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I did this tests and the results seems the count function scale linearly. I have another function relying strongly in the efficiency to know if there are any data, so I would like to know how to replace this select count(*) with another more efficient (maybe constant?) query or data structure.

psql -d testdb -U postgres -f truncate_and_insert_1000_rows.sql > NUL

psql -d testdb -U postgres -f count_data.sql


Aggregate (cost=36.75..36.76 rows=1 width=0) (actual time=0.762..0.763 rows=1 loops=1) -> Seq Scan on datos (cost=0.00..31.40 rows=2140 width=0) (actual time=0.02 8..0.468 rows=1000 loops=1) Total runtime: 0.846 ms (3 filas)

psql -d testdb -U postgres -f truncate_and_insert_10000_rows.sql > NUL

psql -d testdb -U postgres -f count_data.sql


Aggregate (cost=197.84..197.85 rows=1 width=0) (actual time=6.191..6.191 rows= 1 loops=1) -> Seq Scan on datos (cost=0.00..173.07 rows=9907 width=0) (actual time=0.0 09..3.407 rows=10000 loops=1) Total runtime: 6.271 ms (3 filas)

psql -d testdb -U postgres -f truncate_and_insert_100000_rows.sql > NUL

psql -d testdb -U postgres -f count_data.sql


Aggregate (cost=2051.60..2051.61 rows=1 width=0) (actual time=74.075..74.076 r ows=1 loops=1) -> Seq Scan on datos (cost=0.00..1788.48 rows=105248 width=0) (actual time= 0.032..46.024 rows=100000 loops=1) Total runtime: 74.164 ms (3 filas)

psql -d prueba -U postgres -f truncate_and_insert_1000000_rows.sql > NUL

psql -d testdb -U postgres -f count_data.sql


Aggregate (cost=19720.00..19720.01 rows=1 width=0) (actual time=637.486..637.4 87 rows=1 loops=1) -> Seq Scan on datos (cost=0.00..17246.60 rows=989360 width=0) (actual time =0.028..358.831 rows=1000000 loops=1) Total runtime: 637.582 ms (3 filas)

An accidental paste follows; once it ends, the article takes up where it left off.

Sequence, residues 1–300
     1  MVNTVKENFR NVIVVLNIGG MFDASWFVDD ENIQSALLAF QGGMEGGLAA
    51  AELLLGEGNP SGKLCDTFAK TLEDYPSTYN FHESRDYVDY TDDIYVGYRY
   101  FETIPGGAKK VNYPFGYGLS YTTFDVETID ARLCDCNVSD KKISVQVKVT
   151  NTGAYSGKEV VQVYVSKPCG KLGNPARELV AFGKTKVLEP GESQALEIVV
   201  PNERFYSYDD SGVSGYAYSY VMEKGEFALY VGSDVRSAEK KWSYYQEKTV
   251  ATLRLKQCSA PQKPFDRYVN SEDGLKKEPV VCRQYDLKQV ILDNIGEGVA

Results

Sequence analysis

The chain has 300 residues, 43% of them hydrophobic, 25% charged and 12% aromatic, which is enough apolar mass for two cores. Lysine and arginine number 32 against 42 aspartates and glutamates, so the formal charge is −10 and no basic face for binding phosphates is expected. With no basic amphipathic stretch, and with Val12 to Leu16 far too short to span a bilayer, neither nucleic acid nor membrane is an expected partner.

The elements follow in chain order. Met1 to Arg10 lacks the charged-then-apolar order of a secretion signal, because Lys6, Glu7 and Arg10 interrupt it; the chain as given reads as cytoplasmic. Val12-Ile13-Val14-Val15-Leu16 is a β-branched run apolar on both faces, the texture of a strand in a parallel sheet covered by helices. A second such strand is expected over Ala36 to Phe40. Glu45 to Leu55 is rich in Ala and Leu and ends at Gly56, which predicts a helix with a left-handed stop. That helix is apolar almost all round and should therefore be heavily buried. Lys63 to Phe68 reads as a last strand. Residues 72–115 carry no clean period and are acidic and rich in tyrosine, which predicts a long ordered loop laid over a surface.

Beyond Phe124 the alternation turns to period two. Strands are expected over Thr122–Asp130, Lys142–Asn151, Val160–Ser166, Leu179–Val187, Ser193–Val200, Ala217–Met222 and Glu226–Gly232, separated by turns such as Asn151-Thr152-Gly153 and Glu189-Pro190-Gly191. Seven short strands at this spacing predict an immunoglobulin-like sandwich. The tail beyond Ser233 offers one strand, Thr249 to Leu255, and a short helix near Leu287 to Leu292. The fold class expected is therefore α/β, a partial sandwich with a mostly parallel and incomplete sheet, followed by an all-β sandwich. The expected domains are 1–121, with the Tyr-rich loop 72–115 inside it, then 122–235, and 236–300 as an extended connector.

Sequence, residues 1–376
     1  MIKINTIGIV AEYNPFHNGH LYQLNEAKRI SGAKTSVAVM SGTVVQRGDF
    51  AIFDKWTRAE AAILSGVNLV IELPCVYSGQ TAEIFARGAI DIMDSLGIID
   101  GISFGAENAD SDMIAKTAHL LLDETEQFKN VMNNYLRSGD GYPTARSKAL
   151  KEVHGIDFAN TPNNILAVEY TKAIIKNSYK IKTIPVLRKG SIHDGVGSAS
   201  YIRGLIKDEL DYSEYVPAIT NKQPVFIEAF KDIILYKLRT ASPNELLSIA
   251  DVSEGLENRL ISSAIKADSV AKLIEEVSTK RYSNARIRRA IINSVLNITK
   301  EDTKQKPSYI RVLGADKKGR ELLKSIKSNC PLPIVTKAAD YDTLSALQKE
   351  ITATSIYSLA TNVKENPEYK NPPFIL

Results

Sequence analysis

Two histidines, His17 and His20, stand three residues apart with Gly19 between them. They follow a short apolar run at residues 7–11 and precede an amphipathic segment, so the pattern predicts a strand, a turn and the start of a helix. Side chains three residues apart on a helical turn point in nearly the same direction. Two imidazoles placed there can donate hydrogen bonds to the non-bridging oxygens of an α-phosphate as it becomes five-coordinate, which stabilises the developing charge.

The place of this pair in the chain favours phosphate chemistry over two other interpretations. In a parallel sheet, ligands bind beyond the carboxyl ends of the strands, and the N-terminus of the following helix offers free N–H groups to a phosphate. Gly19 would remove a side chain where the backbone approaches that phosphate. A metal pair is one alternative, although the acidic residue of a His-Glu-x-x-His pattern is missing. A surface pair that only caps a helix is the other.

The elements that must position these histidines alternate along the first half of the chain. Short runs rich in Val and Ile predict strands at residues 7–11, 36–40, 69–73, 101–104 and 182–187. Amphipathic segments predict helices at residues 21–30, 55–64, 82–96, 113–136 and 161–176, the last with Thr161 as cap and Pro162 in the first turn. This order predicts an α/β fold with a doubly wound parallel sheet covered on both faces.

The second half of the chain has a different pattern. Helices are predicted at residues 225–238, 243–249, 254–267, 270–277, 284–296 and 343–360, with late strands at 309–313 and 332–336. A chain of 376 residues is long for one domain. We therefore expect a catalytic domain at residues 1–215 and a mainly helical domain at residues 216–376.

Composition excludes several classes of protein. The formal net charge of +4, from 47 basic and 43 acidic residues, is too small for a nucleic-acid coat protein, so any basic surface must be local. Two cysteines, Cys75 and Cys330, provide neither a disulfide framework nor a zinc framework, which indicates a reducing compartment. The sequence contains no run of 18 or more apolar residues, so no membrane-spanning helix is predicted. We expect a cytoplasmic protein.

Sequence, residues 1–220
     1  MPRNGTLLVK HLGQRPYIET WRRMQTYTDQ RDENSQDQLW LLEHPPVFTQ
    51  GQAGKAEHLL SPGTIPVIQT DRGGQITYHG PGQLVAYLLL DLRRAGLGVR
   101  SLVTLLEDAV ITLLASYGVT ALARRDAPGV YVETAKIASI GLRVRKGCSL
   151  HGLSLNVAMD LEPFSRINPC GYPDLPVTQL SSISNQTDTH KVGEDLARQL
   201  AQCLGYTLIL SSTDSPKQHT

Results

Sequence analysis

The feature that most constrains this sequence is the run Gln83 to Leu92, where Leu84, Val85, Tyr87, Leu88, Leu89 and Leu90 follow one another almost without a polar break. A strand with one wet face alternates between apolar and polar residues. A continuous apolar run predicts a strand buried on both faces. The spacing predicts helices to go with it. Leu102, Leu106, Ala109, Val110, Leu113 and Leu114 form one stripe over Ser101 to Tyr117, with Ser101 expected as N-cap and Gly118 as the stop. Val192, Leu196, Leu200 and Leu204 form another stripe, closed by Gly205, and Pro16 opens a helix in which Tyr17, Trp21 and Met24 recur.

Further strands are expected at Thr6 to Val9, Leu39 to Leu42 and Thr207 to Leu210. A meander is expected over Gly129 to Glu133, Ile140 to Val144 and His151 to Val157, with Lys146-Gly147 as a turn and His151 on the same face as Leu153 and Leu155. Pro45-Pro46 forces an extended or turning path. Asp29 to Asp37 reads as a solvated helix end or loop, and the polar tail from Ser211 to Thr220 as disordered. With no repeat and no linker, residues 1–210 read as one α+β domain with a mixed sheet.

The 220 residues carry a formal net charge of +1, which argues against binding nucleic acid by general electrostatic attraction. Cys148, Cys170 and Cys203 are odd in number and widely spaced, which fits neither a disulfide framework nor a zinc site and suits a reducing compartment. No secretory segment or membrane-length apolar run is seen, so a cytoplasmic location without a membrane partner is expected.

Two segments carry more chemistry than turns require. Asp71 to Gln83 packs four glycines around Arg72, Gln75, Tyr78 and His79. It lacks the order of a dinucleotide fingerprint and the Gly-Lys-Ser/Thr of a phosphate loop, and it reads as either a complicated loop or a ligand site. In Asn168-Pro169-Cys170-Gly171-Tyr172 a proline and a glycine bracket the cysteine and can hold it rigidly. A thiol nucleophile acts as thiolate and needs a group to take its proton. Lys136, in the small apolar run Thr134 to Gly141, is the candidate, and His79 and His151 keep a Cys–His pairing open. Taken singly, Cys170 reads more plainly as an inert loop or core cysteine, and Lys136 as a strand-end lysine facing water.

the definition of data is

  text VARCHAR(100),
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Also I'd tried limiting the result set: EXPLAIN ANALYZE select count(*) from data LIMIT 1; but the response times are pretty similar... – Alex. S. Oct 24 '08 at 16:39
That's because you need to test SELECT * FROM <table> LIMIT 1. – Milen A. Radev Oct 24 '08 at 16:41
up vote 1 down vote accepted

You may find this useful.

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That link is broken. Now the content is located at – Alex. S. Jun 4 '10 at 14:01
Thank you, fixed. – Milen A. Radev Jun 4 '10 at 14:21

select true from table limit 1;

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If all you care about is 1 row or no rows. Limit your query to the first row - why count all of the rows just to find out if there's 1 or more, or zero...

use the equivalent of ROWNUM = 1 or TOP 1 or whatever postgres gives you.

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PostgreSQL uses LIMIT 1 – CesarB Oct 24 '08 at 16:57
Thanks, I hate it when people offer solutions for other platforms but I knew the concept surely had to be pretty similar. – Mark Brady Oct 24 '08 at 19:11

Try this:

SELECT t.primary_key IS NOT NULL FROM table t LIMIT 1;

You will get TRUE if there are records and NULL if there are none.

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-1 Not the most optimal solution because you're examining a column from the table, which in the event of your examined column not having a NOT NULL constraint, may be inaccurate. It would be much better to SELECT 1 FROM table LIMIT 1 instead. – Kenaniah May 26 '10 at 17:25
select exists(select * from your_table_here) as has_row
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Exists returns true if the inner query returns any rows. It doesn't actually examine the content of the rows, so the * doesn't imply field retrieval. – Donnie May 29 '10 at 20:14
Donnie: indeed. in fact, even if you put 1/0 inside SELECT FROM your_table_here, it will not divide-by-zero error – Michael Buen May 30 '10 at 0:10

How a count on the primary key field where it is NOT NULL, limiting the query at 1 response?

Since a primary key must exist, if there is one, you have data, yes?

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